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Good afternoon, Portland! Hope you're enjoying the start of the week and thanks very much for joining us for some NEWS


• A group of some 600 workers with Laborers' Local 483 has tentatively agreed to a contract with the City of Portland, concluding the first city strike in more than two decades. The workers are in line to receive pay raises and cost-of-living adjustments if they and Portland City Council vote to approve the deal. “After the strike [started], they were more willing to talk about things,” Local 483 bargaining unit member Ben Nelson said. Isabella Garcia has the story. 

• The Multnomah County Central Library will close once again March 11 for the second phase of its "refresh." While the library is closed, the county plans to open a "technology pop-up" at 501 SW Washington. Our Suzette Smith has more. 

• Linfield University has reached a $1 million settlement with a former professor who was fired after he publicly brought forward allegations of sexual misconduct and antisemitism against university officials in 2021. Daniel Pollack-Pelzner, now quite a bit wealthier, is currently working as a visiting professor at Portland State and is a scholar-in-resident at the Portland Shakespeare Project.

• Fred Carlo, the Portland butcher behind Salumeria di Carlo, died at the end of January at the age of 72. Carlo, who in his later years sold his sausages at the Portland Farmers Market, was one of the most notable figures in the city's specialty meat movement. 

• Damian Lillard has been on absolute tear of late, and was named Western Conference Player of the Week for a second straight week on Monday. Lillard averaged nearly 40 points-per-game last week, which is somehow considerably more than the 24 points I scored in our sixth grade season finale in what was the crowning achievement of my Portland Parks & Rec basketball career.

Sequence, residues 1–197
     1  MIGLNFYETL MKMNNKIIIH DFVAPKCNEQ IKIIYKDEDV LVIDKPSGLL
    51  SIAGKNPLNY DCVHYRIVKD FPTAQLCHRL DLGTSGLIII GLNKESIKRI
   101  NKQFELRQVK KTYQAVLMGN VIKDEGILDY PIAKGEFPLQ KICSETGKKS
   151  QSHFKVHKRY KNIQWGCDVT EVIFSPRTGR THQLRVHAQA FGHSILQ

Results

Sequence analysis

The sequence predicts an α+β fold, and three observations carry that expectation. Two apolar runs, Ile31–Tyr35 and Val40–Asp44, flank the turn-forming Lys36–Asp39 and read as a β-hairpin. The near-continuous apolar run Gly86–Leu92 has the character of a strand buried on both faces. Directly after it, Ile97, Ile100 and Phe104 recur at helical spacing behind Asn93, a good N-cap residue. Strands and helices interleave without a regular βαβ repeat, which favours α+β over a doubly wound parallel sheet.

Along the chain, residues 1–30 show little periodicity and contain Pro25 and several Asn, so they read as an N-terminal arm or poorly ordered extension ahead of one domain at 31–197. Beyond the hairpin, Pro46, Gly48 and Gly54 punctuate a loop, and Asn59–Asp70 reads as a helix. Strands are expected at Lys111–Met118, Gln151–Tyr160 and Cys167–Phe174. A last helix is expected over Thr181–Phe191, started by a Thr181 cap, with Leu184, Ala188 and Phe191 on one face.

• A 7.8 magnitude earthquake has devastated parts of Turkey and Syria, killing more than 3,400 people and leaving thousands more injured in an area already dealing with the trauma and displacement caused by the Syrian civil war. Recovery efforts are ongoing. 

• Residents on the Ohio-Pennsylvania border near East Palestine, Ohio are being asked to evacuate by the governors of both states because of a rail car that's at risk of exploding after a derailment on Friday night. People within a one-mile radius of the rail car who do not voluntarily leave may be arrested. 

• From Atlanta to Liberia, forest defenders are putting their lives on the line to protect the sacred. This NPR piece provides a look at the work people throughout West Africa are doing to shield biodiversity hotspots like forests and lagoons from development and exploitation, complete with a number of beautiful photos.

• If you have the time for a longer read this afternoon, I highly recommend this piece. Phoenix is the fastest-growing city in the country for Black Americans outside of Texas, but many of the people who move there leave after less than a year. This article takes a look at why. 

• President Joe Biden will take to the Capitol tomorrow night to deliver the State of the Union address, and you'll never guess who embattled-serial-liar Rep. George Santos is bringing as his guest

• Finally... a very nice moment from Buenos Aires.